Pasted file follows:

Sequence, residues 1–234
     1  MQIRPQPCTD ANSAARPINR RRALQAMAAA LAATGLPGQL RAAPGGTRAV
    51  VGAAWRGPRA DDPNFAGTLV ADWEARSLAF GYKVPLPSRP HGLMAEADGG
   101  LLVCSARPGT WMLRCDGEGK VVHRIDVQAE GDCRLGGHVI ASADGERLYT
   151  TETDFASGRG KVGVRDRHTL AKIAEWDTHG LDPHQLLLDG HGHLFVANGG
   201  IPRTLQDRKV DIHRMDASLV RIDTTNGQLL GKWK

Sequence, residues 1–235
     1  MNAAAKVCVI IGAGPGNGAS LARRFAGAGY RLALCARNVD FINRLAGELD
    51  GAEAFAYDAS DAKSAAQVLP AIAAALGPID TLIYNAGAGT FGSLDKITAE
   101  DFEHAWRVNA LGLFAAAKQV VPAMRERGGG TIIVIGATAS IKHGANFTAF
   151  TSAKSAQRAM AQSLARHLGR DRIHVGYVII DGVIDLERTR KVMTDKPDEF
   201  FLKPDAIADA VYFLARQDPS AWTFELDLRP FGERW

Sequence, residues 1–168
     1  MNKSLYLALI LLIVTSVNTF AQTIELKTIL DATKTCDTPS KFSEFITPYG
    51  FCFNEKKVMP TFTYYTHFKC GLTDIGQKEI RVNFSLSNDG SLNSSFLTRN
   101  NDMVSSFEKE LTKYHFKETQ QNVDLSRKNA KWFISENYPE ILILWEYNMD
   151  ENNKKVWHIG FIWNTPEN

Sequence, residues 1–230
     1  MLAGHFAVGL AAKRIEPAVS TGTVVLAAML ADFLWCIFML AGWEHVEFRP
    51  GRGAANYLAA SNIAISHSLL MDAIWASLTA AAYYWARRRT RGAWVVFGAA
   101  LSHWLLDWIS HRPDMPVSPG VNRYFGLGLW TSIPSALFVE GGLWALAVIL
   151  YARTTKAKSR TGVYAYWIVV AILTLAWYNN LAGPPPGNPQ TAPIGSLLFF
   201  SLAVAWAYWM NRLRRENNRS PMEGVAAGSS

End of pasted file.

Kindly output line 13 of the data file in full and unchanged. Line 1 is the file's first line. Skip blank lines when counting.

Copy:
Sequence, residues 1–168